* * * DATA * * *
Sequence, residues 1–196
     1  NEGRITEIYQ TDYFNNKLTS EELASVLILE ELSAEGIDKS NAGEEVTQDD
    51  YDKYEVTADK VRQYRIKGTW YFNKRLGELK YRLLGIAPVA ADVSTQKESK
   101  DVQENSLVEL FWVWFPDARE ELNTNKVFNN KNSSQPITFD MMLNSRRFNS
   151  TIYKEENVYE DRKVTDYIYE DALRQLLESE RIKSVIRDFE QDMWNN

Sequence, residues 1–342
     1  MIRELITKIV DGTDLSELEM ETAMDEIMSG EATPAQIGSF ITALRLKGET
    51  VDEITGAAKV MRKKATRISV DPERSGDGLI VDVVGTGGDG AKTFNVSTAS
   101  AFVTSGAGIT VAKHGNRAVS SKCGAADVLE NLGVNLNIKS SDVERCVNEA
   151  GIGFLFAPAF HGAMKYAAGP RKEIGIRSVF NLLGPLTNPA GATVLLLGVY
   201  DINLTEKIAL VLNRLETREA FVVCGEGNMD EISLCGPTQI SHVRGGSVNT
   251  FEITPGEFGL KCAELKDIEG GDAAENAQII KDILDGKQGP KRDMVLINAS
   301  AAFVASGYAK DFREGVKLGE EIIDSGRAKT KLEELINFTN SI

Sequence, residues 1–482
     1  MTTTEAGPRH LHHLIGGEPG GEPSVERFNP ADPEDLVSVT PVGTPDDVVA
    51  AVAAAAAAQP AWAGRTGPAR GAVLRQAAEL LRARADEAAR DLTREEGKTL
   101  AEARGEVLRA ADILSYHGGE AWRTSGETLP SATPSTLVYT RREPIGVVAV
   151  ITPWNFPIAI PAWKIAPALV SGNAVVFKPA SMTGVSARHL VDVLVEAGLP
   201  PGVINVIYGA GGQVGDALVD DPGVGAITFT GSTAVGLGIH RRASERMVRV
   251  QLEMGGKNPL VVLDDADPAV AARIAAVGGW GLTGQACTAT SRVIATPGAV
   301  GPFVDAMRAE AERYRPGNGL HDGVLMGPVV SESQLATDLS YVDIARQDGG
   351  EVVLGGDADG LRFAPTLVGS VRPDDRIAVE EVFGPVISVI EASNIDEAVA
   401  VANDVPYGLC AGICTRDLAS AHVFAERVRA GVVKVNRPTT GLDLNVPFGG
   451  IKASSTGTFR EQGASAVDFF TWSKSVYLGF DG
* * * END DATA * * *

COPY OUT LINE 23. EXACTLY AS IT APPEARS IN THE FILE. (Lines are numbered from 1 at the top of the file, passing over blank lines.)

   401  VANDVPYGLC AGICTRDLAS AHVFAERVRA GVVKVNRPTT GLDLNVPFGG